In the depicted example, server 104 is connected to network 102 along with storage unit 106. In addition, clients 108, 110, 112, and 114 are connected to network 102. Clients 108, 110, and 112 may be, for example, personal computers or network computers. Client 114 is a portable client, such as a personal digital assistant (PDA). In the depicted example, server 104 provides data, such as boot files, operating system images, and applications to clients 108-112. Clients 108, 110, and 112 are clients to server 104. Network data processing system 100 may include additional servers, clients, and other devices not shown. In the depicted example, network data processing system 100 is the Internet with network 102 representing a worldwide collection of networks and gateways that use the Transmission Control Protocol/Internet Protocol (TCP/IP) suite of protocols to communicate with one another. At the heart of the Internet is a backbone of high-speed data communication lines between major nodes or host computers, consisting of thousands of commercial, government, educational and other computer systems that route data and messages. Of course, network data processing system 100 also may be implemented as a number of different types of networks, such as for example, an intranet, a local area network (LAN), or a wide area network (WAN).
Peripheral component interconnect (PCI) bus bridge 214 connected to I/O bus 212 provides an interface to PCI local bus 216. A number of modems may be connected to PCI local bus 216. Typical PCI bus implementations will support four PCI expansion slots or add-in connectors. Communications links to clients 108-112 in
Additional PCI bus bridges 222 and 224 provide interfaces for additional PCI local buses 226 and 228, from which additional modems or network adapters may be supported. In this manner, data processing system 200 allows connections to multiple network computers. A memory-mapped graphics adapter 230 and hard disk 232 may also be connected to I/O bus 212 as depicted, either directly or indirectly.
Those of ordinary skill in the art will appreciate that the hardware depicted in
The data processing system depicted in
With reference now to
An operating system runs on processor 302 and is used to coordinate and provide control of various components within data processing system 300 in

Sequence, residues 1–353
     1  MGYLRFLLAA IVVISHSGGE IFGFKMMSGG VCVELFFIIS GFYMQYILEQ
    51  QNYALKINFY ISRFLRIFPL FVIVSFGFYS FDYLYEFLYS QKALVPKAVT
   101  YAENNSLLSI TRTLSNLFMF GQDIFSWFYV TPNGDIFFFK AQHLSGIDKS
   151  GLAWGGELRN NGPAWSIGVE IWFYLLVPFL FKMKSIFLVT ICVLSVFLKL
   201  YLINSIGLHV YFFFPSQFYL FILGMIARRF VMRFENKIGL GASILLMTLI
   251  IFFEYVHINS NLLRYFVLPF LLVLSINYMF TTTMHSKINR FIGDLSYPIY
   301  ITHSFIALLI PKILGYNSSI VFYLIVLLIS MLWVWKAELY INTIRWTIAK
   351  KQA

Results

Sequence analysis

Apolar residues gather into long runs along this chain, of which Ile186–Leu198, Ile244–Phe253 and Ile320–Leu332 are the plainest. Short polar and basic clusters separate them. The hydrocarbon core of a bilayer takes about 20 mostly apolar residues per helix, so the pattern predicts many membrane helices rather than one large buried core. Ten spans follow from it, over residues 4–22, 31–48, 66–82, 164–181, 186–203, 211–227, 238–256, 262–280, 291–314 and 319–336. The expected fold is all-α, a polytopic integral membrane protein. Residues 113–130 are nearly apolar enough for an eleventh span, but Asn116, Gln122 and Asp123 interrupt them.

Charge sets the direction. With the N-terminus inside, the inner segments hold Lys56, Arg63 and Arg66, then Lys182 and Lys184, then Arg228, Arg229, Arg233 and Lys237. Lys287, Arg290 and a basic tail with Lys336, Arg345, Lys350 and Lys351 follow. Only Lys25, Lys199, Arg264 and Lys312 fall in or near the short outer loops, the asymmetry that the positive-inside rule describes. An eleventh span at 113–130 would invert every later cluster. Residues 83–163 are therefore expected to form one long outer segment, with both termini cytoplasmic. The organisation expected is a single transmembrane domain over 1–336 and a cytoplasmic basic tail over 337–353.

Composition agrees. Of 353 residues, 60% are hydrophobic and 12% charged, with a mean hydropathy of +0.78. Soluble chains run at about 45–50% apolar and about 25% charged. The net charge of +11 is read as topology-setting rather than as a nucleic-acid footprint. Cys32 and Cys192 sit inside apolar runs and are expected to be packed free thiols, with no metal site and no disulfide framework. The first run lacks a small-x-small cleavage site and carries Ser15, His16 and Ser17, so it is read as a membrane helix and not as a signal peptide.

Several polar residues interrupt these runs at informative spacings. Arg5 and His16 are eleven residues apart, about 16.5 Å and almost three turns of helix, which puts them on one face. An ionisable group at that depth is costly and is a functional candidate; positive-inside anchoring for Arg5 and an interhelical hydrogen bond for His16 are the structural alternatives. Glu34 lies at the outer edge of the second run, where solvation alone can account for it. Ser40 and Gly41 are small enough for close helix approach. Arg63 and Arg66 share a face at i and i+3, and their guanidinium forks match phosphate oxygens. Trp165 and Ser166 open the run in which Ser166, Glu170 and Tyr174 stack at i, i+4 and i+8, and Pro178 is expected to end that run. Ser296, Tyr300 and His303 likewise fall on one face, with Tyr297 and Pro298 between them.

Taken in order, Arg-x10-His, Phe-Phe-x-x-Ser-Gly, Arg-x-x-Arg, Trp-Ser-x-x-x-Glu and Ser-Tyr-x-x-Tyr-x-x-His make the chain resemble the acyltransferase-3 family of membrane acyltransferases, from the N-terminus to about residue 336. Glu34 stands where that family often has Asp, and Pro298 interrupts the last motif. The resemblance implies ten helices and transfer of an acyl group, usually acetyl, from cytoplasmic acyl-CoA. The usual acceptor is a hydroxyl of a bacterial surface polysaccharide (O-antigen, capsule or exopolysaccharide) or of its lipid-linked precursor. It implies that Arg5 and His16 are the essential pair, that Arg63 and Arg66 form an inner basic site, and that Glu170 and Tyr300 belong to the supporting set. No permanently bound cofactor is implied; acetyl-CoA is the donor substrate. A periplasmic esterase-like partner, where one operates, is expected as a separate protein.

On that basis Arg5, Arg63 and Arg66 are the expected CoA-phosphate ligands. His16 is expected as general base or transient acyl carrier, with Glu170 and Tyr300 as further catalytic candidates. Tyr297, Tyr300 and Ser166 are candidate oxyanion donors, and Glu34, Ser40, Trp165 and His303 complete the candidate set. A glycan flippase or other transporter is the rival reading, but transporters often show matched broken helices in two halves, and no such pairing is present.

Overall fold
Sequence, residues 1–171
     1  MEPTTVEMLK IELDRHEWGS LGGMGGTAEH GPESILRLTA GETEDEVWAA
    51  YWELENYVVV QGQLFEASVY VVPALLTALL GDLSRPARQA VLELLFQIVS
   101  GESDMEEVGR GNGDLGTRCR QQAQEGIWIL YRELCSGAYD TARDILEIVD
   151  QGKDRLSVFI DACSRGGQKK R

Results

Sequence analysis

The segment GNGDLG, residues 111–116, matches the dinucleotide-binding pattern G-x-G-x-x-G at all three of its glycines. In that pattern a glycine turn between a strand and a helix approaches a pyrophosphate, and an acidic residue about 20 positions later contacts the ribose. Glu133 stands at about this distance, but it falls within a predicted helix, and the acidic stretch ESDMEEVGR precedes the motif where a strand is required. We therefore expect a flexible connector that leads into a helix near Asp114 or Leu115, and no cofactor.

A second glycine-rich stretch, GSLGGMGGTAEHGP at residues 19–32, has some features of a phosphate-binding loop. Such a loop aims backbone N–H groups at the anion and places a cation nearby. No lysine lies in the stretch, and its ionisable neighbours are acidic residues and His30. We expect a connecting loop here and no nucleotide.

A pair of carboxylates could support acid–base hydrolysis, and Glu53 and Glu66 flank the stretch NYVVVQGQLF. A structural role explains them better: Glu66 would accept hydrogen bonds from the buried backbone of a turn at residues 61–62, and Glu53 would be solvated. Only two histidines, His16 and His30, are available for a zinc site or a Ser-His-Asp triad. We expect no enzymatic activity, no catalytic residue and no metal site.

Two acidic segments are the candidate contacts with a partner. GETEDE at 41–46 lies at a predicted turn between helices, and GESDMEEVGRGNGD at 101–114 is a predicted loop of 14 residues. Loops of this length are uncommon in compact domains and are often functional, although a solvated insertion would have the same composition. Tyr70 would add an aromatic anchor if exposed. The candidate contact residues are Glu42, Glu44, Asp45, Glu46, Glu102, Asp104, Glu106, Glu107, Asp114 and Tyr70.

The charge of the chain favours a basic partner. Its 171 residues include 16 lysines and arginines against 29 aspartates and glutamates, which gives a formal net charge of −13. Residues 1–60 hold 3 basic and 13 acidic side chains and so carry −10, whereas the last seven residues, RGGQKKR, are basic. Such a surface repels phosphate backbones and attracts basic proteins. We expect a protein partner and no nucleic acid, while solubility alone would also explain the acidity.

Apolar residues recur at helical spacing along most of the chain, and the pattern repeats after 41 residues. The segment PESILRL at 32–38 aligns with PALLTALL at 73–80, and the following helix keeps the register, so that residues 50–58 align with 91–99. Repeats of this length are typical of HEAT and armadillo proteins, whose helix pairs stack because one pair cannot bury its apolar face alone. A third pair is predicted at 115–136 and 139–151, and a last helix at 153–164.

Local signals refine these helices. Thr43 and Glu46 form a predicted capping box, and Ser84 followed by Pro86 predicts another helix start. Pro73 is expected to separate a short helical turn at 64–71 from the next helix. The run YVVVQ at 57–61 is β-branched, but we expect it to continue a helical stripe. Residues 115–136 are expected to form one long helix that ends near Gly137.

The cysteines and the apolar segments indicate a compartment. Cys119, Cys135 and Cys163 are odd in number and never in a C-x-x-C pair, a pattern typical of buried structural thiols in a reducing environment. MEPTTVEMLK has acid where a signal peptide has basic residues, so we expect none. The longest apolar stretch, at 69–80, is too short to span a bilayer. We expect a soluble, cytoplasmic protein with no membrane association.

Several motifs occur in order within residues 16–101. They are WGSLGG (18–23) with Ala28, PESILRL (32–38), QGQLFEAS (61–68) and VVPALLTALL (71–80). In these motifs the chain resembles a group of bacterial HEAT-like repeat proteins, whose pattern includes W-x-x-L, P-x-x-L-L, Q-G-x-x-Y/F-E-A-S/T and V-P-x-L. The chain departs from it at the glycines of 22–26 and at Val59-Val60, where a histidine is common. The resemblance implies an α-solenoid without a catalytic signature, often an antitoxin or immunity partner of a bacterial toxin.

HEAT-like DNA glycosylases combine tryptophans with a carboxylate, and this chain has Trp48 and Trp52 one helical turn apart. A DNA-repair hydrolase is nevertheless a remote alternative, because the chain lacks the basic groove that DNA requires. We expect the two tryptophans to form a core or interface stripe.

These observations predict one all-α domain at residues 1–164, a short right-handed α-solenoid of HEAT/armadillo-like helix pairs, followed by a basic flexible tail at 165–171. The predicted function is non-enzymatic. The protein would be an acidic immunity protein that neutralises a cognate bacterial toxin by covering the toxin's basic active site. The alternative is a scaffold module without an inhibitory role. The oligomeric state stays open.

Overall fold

Those of ordinary skill in the art will appreciate that the hardware in
As another example, data processing system 300 may be a stand-alone system configured to be bootable without relying on some type of network communication interfaces. As a further example, data processing system 300 may be a personal digital assistant (PDA) device, which is configured with ROM and/or flash ROM in order to provide non-volatile memory for storing operating system files and/or user-generated data.
The depicted example in
The present invention provides an improved method, apparatus, and computer instructions for allowing a user to access and use applications without having to maintain those applications. The mechanism of the present invention allows a user to access applications located on a remote server. A user at a client may make a call or log in to the remote server and request applications for use. In response to such a request, critical files needed for execution of the applications are sent to the client. These files are ones that are needed by the client to properly execute the applications.
The client executes these applications and is billed based on the amount of time that the application is used. Additionally, some essential files are maintained on the server to prevent the user from using the applications without being connected to the server. This mechanism is also referred to as a client call service and allows the home user to execute any application from anywhere at any time.
The mechanism of the present invention avoids the user having to upgrade, install patches or fixes, or locate hard to find applications. In these illustrative examples, the applications are purchased from vendors through a concurrent use license allowing a number of concurrent users to use the applications.
With reference now to
CCS server 400 is a logical server and may actually take the form of a group of physical servers. This server contains applications from different vendors along with an ability to distribute critical install files to CCS client 402, which are stored in critical files 408. In the illustrative examples, CCS server 400 contains the latest applications with appropriate patches and upgrades already applied. As a result, the user at the client is not required to perform any sort of patching or upgrading.
CCS client 402 uses a high-speed or broadband connection to communicate with CCS server 400. CCS client 402 registers with CCS server 400 in order to use applications 404. In these examples, user files are kept locally on CCS client 402 for security reasons. These user files are stored with critical files 408. Only application files are distributed across the network data processing system between CCS server 400 and CCS client 402. Such a feature is especially important when the network data processing system involves the Internet. CCS client 402 may be implemented as software executing on a data processing system, such as data processing system 300 in